INTRALIPIDS AS RESCUE

Report
INTRALIPIDS AS RESCUE
2:30-3:30
Objectives
• Describe signs and symptoms of local
anesthetic (LA) toxicity.
• Identify treatment modalities including use of
lipids for patients with LA toxicity.
• Identify factors influencing LA toxicity.
Mechanism of action
• Loss of sensation by
– inhibiting excitation at nerve endings
– blocking conduction in peripheral nerves
• Progression of anesthesia related to affected
nerve fiber:
– diameter
– myelination
– conduction velocity
• Prevent the development of action potential in
nerve
Regional Anesthesia
• Involves the use of a local anesthetic
strategically placed along the neural access to
produce:
– Surgical anesthesia
– Postoperative analgesia
– Analgesia for acute & chronic pain
management
• Goal: Block conduction of nociceptive (pain)
impulses
LOCAL AGENTS
• Levels dependent on:
– Dose
– Rate of injection
– Specific gravity of fluid
– Position of patient
LOCAL AGENTS
• ESTERS
Hydrolyzed in
Plasma
– Unstable in
solution
– Poor Penetrance
– Fair to Poor
Stability
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EXAMPLES
Cocaine – (1884)
Procaine - (Novacain)
– 1984
Chloroprocaine (Nesacaine)
Tetracaine(Pontocaine) - 1931
LOCAL AGENTS
• AMIDES
Metabolized by Liver
– Stable Good Penetrance
• Lidocaine - (Xylocaine)
• Mepivacaine - (Carbocaine)
• Prilocaine - (Citanest)
• Bupivacaine - (Marcaine, Sensorcaine)
• Etidocaine
• Ropivacaine
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LOCAL AGENTS
• Epinepherine Added to Local
– Vasoconstriction
– Slows Vascular Absorption
– Prolongs Effect
Local Anesthesia Toxicity
• Agents used in excessive doses or administered
improperly.
• Repetitive (small) doses to achieve an adequate
level of anesthesia may lead to eventual
administration of toxic dose.
• Anesthesia injected into confined space
• Doses may inadvertently be
delivered as intravascular injection
rather than epidurally
Local Anesthesia Toxicity
• Administration of toxic doses of LA
– Increase disruptions of cellular metabolism
– Interfere with inotropic function pathways that
regulate NA+, K+ and Cl- ion flow
– Modulation of autonomic system and enzymatic
processes for ATP formation
Toxicity
• Early: agitation, lightheadedness, altered
mental state, visual changes, slurred speech,
hypertension and tachycardia
• Middle: CNS excitation, cardiac dysrhythmias,
contractile depression & conduction blockade.
Seizure ( 20-30 minutes)
• Severe: Hypotension, bradycardia, Ventricular
dysrhythmia and cardiovascular collapse
CNS Toxicity
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Sedation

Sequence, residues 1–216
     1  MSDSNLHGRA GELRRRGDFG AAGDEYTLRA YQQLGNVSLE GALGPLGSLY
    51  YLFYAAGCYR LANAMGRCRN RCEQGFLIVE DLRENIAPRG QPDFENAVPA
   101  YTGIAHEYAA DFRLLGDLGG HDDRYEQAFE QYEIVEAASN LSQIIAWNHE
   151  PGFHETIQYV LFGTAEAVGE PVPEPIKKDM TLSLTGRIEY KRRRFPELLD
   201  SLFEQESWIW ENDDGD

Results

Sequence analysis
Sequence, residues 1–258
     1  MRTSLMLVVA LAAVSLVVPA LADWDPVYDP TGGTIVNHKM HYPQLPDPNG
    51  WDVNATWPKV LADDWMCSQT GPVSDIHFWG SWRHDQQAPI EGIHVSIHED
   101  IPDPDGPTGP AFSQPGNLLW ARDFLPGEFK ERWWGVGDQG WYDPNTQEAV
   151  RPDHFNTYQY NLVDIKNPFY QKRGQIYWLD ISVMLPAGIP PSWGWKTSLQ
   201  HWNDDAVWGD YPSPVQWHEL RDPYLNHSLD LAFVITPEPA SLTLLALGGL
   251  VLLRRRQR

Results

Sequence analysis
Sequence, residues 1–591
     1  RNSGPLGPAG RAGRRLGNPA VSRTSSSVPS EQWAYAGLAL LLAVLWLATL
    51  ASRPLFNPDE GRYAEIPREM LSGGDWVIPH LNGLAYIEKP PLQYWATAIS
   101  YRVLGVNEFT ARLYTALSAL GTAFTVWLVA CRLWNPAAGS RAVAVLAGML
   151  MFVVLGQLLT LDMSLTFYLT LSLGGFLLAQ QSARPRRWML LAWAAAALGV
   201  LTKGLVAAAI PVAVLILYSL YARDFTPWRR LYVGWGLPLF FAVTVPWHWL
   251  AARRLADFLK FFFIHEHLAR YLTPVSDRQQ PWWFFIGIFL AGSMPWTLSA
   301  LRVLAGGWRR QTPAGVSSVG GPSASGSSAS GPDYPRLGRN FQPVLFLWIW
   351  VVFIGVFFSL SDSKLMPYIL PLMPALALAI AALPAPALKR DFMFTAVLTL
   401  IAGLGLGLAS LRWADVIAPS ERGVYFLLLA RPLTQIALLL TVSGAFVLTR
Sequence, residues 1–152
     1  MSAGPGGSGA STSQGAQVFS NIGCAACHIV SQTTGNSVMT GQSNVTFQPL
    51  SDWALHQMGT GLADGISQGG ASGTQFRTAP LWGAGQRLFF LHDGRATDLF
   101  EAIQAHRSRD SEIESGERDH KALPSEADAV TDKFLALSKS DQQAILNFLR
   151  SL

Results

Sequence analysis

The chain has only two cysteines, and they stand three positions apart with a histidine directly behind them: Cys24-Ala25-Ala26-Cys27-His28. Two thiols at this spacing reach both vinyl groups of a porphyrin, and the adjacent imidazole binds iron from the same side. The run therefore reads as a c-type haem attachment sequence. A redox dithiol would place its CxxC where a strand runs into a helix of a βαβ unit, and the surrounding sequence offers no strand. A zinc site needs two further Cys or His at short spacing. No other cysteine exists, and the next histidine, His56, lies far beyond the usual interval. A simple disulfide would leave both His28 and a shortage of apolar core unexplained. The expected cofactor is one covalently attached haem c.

CNS excitation at low drug concentration
Dizziness, ringing in the ear, Metallic taste
Paresthesia (circumoral tingling)
Anxiety
Fear of death
Uncontrolled muscle activity
Tonic –clonic seizures
CNS depression
Bupivacaine ( CNS & Cardiac toxicity simultaneously
Cardiovascular Toxicity
• Block of sodium, calcium and potassium
channels
• Difficult to resuscitate on patient with asystole
with Bupivacaine toxicity due to long term
• Bupivacaine is cardiotoxic, strong attraction to
myocardial sodium channel, slow dissociation
from the sodium channels due to its lipophilic
properties.
Management of Local Anesthesia Toxicity
• ACLS protocol
– Airway
– Vital Signs
– Resuscitative Medications
Chance Observation
• Noted that patient with carnitine deficiency exhibited
sensitivity to bupivacaine induced cardiac dysrhythnias,
therefore postulated that bupivacaine might interfere
with carnitine metabolism.
• Carnitine = essential component of biochemical
pathways that transport fatty acids into mitochondria
where they provide the majority of cardiac energy
needs.
• Interestingly enough, the opposite was discovered –
infusing lipids made them more resistant to
bupivacaine-induced asystole.
• Lipid infusion improves the success of resuscitation
from bupivacaine toxicity.
2006 Case
• 17 year old developed seizure activity and CV
collapse after intentional ingestion.
• Ingested: Bupropion (Antidepressant) and
Lamotrigine (Anticonvulsant)
• Unsuccessful resuscitation attempts for 70
minutes
• 100 ml IV bolus of 20% lipid emulsion given
• After 1 minute, an effective sustained pulse
was observed. Patient recovered with no
major neurologic deficit.
91 year old
History: COPD, HTN, CAD, Reflux
• Infraclavicular brachial plexus block for olecranon bursa
excision.
• Given 1% mepivicaine 30 ml
• 20 min after injection was then injected with 10 ml 1%
Prilocaine.